In the spring of 1944 the last great attack by the Axis powers in the Second World War was launched, when 100,000 Japanese came west over the Chindwin river to lay siege to the British stronghold of Imphal. Their aim was to destroy General Slim’s XIVth Army, which had been forced back through Burma to the Assam border, cut the Allied supply route to China and force that country out of the war, and sweep down into India.
Follow Literary Review on Twitter
'In their needling, selfish, dry-as-dust way, these three books are works of cumulative power and never less than consistent interest.'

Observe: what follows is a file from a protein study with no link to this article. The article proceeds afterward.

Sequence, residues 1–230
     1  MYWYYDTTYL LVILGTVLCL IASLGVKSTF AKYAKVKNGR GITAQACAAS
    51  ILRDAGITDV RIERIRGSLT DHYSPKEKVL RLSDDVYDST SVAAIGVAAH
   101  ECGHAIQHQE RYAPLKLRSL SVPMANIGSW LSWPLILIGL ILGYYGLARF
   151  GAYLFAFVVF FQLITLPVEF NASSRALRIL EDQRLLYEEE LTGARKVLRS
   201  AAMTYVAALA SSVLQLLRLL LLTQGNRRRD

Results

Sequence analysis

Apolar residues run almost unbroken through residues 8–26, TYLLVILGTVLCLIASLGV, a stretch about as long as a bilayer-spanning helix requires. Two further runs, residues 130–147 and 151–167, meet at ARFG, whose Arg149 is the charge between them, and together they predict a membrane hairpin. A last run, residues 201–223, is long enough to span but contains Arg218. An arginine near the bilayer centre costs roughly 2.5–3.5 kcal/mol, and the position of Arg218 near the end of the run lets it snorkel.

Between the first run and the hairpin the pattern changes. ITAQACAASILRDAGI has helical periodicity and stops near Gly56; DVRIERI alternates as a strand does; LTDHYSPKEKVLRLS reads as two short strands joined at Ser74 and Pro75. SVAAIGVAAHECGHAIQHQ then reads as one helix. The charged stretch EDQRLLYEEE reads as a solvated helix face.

@lieutenantkije weighs up the final novel in J M Coetzee's Jesus trilogy.
'It remains a poem comprised of clay fragments, short and long, and though the desert delivers up occasional additional text, we are a long way from a whole poem.'
Michael Schmidt on the oldest surviving poem in the world.
'Apparently if you’re a teenager and you send a declaration of love to someone heart emoji, heart emoji, heart emoji and they come back smiley face, that’s the worst.'
Thomas Blaikie tries to get his head round the language of the internet.